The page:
Letters from Frank Stella (c.1964)
At last we arrived in Nothing the very large dismal capital of Nowhere. The people are really very reserved + probably very sweet if they ever get out of their catatonic state, but they are poor + apparently beyond hope if they ever even had an idea of what that is. The children are very beautiful and heart wrenching. The thing I keep seeing + find hardest to forget is the dirty ______ of dried tears on the children’s faces. They cry and whimper briefly. Then they hug either their parents or the gutter.
Every morning I wake up with basically the same nightmare. I have gone off somewhere + done something when I suddenly remember that I have left Rachel alone. By the time I reach home hopelessly panicked she has managed to get out of the crib and smash her head on the bathroom tub. I pick her up and look at the dried tears and then wake up. The motif everywhere conscious, unconscious, + subconscious seems to be dried tears. I guess it really suits this trip. Everything here is dry + dead + the only hope for life is the water which dries up very quickly. I ______ the conclusion from this that Nature is inadequate here + everyone else seems to draw the same conclusion. The only alternative that Nature provides is oil. The 20th century west has made do handsomely with it, but the Iranians still find it __________. Unless they can learn to develop ______ for oil rather than water they are doomed.
I managed to get enough diarrhea to get 1 day behind the Woodwards. Henry, my friend, nursed me through the ordeal. He is getting the Florence Nightingale award from Farah Diba.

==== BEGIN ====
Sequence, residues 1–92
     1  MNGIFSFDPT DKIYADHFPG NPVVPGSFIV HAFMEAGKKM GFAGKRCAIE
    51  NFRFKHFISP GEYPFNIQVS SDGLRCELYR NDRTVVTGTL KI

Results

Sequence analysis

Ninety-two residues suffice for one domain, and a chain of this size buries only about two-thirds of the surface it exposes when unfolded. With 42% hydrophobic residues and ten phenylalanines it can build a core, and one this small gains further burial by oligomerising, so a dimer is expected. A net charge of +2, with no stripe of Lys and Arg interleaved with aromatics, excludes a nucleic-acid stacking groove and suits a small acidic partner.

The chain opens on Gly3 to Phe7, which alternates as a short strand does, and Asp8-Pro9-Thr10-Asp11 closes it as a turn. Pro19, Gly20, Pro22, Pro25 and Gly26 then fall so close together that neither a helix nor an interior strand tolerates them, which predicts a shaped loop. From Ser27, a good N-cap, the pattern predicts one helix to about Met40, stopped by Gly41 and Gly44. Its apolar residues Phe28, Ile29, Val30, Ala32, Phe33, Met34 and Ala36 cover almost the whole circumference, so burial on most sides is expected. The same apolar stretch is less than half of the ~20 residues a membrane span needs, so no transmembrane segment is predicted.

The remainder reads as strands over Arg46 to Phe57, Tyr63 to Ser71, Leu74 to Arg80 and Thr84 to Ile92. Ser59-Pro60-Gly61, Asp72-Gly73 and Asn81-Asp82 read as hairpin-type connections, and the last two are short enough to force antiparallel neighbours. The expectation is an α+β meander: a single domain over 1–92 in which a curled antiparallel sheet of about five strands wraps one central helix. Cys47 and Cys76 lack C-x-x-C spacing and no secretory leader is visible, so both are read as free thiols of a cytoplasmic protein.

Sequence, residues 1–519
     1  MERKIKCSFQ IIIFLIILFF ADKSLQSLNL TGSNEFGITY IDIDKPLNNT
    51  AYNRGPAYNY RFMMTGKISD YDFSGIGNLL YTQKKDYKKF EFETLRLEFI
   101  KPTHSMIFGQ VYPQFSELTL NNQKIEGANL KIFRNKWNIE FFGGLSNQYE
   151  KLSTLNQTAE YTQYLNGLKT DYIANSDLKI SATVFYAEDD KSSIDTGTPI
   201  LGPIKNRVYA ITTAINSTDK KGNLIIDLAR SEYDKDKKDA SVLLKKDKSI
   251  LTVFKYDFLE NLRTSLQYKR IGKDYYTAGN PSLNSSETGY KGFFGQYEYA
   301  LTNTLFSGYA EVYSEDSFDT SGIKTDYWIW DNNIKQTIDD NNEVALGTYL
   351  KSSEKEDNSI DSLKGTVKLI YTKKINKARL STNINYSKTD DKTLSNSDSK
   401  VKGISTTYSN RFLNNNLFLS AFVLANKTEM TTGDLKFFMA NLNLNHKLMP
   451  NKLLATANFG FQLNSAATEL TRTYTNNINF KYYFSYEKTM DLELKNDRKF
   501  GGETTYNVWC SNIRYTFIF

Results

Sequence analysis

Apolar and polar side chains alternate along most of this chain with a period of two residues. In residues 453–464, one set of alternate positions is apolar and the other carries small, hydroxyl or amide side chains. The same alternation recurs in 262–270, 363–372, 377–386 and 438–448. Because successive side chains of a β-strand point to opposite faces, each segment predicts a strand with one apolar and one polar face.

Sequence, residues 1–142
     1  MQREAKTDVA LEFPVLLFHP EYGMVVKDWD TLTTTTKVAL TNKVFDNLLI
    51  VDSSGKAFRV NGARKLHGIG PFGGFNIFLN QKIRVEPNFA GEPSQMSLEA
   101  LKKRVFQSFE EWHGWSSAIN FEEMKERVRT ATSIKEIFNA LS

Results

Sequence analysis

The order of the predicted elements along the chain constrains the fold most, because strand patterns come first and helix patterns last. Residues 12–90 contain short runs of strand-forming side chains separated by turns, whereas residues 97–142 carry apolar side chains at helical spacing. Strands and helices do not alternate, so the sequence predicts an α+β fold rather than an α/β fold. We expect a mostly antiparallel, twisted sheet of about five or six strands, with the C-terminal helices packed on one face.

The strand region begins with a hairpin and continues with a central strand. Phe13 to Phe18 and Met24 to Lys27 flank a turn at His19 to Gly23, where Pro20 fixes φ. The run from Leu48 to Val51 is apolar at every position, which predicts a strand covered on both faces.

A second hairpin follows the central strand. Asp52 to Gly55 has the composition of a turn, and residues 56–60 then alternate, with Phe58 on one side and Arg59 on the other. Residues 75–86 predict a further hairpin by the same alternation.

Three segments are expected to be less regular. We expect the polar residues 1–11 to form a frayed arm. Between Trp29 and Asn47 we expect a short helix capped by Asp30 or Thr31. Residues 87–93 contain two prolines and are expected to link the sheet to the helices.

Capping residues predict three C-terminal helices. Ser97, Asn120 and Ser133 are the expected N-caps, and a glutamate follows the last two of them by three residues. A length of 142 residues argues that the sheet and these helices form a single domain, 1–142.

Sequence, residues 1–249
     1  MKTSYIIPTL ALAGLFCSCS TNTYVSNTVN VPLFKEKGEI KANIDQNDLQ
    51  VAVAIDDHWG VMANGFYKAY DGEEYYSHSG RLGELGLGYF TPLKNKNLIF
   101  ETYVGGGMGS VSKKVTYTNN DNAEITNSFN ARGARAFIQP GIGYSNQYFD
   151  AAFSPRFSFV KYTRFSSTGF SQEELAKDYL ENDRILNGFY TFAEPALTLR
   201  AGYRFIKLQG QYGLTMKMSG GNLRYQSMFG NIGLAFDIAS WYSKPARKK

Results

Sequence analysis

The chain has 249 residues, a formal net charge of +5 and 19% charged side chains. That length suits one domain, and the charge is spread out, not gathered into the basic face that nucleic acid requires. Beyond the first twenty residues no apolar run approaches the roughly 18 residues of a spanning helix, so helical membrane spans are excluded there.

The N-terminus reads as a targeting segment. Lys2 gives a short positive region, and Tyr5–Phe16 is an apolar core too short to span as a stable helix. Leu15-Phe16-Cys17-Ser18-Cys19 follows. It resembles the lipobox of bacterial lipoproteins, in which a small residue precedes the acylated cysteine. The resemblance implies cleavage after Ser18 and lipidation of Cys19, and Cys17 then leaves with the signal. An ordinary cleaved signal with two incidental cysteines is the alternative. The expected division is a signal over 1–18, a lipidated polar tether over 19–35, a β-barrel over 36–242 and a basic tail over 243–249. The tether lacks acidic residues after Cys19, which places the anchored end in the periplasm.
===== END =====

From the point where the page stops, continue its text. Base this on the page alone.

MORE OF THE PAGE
We stayed in the Ex Point 4 guest house in Yazd. There was one good Mosque in Yazd with a very good bold geometric inside dome. The only other interesting thing there were the Zoroastrian fire temples but we couldn’t [get] inside them. We did, however, get a good look at the outside of the Towers of Silence (_________) on the edge of Town. It is on these towers that the Zoroastrians expose their dead to the sun. What happens, of course, is that the vultures come down + pick them apart. The moslems think that this is pretty disgusting. Since we were a day late getting into Yazd, I didn’t have much time in the Bazaar which is famous for its textiles. If I had a little more money I could have got some pretty interesting fabrics, as it was I got you 3 yds. of some nice rayon that purports to be silk. It should make a nice blouse.
We have been in Kerman half a day and have seen the major or community mosque + a _________ tomb just outside the city. They weren’t too interesting. I’m getting pretty tired of Islamic art. It’s very lacking in crisis content. The design of the tile patterns is interesting up to a point, but the way the different sections are plastered on the facades is not interesting. The color gets to be the same nearly everywhere. I would say that finally even in the best works, say at Isfahan + Yazd, the architecture + the decoration never get together. The best that happens is that you are stunned by the size + complexity of the tile work + are finally only really convinced by the interior spatial organization of the architecture. This added to some high moments of decorative invention, however, makes for some visual beauty that the west will never see.
Letters from Frank Stella, from the Barbara Rose papers at the Getty Research Institute.# Americans in Iran; Aram Moshayedi; Architecture; Art; Correspondences; Diarrhea; English; Esfehan; Farah Diba; Frank Stella; Kerman; Tourism; Yazd; Zoroastrianism